Preface

There are many forces impinging upon U.S. engineering. Among the most important is internationalization. Indeed, we are entering a world in which there has been a remarkable migration of know-how. Countries around the globe are increasingly able to develop and deploy engineering and technology to enhance their own economic growth. These new and growing capabilities raise legitimate concerns about the comparative strength of the U.S. engineering enterprise.

We also live in a world in which technology development, especially in the private sector but also in government, is increasingly integrated. Corporations are seeking engineering talent wherever in the world it exists in order to produce quality products and be responsive to customers. To take advantage of lucrative foreign markets and the engineering capacity of other nations, many firms are locating research and development facilities outside of their home countries. The end of the Cold War, of course, has contributed in a major way to these changes. The new challenge facing us, our institutions, and our engineering communities is international economic competition.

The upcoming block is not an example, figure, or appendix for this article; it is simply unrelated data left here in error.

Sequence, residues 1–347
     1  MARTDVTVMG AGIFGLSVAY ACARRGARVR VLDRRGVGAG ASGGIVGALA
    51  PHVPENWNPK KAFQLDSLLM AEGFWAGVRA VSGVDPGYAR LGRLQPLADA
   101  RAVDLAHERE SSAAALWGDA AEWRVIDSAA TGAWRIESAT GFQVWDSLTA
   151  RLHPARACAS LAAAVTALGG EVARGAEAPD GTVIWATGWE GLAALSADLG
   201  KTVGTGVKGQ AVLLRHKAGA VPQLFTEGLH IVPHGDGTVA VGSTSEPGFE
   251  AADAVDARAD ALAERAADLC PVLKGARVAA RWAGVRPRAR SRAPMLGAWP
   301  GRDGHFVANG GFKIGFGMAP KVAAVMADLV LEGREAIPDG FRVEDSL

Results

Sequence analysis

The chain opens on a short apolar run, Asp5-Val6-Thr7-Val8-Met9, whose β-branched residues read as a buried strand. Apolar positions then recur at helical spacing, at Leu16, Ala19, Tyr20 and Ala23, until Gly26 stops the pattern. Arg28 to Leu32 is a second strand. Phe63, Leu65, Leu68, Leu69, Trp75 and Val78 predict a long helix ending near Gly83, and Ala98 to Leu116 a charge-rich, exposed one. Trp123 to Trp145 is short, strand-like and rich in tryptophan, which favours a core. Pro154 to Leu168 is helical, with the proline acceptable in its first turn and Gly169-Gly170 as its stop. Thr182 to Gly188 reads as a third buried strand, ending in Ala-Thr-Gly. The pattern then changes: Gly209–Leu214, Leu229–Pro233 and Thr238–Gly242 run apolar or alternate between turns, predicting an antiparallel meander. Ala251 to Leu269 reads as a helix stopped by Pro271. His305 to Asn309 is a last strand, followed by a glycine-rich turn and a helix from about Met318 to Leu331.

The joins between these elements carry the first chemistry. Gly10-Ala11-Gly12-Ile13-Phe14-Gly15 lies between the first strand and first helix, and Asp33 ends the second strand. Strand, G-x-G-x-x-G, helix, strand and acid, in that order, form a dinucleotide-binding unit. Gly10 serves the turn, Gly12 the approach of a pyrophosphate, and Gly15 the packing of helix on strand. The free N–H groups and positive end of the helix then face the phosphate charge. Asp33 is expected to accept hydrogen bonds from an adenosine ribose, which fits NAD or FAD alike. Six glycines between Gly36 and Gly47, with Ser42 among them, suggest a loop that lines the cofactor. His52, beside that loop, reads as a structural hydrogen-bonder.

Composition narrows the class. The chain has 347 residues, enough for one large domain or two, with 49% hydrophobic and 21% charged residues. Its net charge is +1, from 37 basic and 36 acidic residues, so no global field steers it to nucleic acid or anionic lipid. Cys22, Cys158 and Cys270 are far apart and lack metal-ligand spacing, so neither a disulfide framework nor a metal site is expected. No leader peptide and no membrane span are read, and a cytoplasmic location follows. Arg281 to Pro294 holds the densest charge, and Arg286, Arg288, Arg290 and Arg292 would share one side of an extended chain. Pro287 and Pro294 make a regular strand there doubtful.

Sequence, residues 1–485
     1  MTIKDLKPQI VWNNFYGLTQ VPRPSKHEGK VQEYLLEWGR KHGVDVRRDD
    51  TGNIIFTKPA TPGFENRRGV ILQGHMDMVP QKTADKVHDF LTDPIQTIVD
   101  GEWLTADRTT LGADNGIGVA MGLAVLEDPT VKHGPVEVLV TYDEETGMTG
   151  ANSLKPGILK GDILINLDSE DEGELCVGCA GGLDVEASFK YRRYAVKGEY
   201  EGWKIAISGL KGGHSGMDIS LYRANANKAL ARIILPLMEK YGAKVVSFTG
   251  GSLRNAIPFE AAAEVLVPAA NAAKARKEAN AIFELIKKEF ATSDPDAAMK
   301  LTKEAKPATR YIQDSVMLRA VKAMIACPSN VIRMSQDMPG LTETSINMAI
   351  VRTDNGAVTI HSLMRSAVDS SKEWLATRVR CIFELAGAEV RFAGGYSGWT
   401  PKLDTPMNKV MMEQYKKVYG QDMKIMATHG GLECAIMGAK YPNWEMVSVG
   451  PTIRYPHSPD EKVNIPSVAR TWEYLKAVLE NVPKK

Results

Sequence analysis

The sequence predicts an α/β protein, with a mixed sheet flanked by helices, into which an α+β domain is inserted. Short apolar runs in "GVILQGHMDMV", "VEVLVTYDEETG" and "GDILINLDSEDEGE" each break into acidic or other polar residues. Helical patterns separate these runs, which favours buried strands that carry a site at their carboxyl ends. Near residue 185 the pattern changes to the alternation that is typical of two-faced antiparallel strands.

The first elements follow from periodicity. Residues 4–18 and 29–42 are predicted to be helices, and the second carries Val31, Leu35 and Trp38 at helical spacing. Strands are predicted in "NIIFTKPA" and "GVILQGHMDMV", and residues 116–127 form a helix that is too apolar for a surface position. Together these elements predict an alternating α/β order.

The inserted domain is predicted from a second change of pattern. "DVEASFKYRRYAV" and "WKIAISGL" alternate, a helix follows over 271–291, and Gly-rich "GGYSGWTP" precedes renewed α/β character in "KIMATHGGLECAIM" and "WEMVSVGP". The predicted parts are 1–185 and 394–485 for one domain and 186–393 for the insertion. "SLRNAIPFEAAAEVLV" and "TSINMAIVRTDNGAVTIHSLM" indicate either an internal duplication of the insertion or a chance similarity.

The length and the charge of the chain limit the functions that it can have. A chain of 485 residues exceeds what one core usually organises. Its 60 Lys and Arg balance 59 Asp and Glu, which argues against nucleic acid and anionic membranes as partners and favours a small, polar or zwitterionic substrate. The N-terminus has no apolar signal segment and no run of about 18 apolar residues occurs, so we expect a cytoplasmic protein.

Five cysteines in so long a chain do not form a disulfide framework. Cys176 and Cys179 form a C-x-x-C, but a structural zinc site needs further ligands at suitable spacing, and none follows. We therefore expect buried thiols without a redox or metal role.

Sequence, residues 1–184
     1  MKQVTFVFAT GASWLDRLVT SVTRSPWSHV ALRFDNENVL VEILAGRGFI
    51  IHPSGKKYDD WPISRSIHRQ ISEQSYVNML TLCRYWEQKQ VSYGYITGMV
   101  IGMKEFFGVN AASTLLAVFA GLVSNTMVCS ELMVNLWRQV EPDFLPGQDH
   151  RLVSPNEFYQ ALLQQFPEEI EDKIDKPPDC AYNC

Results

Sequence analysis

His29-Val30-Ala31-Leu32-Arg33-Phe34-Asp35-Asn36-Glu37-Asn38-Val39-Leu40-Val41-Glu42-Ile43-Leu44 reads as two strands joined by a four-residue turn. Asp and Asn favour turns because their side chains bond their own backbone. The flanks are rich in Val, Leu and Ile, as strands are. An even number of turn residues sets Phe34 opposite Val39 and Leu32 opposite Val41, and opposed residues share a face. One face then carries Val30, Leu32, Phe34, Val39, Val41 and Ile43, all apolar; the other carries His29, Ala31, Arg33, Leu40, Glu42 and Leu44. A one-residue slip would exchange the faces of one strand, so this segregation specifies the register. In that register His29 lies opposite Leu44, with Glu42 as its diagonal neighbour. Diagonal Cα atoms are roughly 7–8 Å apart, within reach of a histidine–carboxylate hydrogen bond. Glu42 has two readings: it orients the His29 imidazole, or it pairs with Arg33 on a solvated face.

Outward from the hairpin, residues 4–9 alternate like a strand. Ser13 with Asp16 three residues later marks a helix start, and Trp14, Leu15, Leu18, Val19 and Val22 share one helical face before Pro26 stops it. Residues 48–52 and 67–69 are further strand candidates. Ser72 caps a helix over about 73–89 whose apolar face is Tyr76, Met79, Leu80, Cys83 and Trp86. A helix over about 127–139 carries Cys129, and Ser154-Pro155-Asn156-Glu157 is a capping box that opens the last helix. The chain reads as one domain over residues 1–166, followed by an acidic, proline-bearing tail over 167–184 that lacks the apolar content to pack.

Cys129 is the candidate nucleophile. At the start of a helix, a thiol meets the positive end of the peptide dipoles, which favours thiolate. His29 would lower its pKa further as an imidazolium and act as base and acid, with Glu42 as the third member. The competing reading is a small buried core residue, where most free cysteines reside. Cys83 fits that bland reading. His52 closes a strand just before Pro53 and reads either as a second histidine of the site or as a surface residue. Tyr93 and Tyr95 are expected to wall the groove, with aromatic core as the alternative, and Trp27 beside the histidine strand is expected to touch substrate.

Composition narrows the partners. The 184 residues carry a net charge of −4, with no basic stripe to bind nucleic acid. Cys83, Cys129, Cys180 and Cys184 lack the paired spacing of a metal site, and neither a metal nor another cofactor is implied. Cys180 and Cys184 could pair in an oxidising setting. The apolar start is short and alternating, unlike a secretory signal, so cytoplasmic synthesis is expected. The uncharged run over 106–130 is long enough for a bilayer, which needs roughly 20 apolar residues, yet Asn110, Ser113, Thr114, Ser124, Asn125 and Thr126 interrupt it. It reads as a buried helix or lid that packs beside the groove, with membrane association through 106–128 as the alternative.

This symposium, on the global agenda for American engineering, was held in honor of Gerry Dinneen, outgoing foreign secretary of the National Academy of Engineering. Over 7 years, Gerry provided remarkable leadership of the international work of the Academy. The distinguished individuals whose remarks are published in this volume all have extensive knowledge of international affairs. I believe each of them has something important to say about this most vital issue.

I would like to express special thanks to the Academy staff members who helped make this tribute the success it was: Proctor Reid, who organized and



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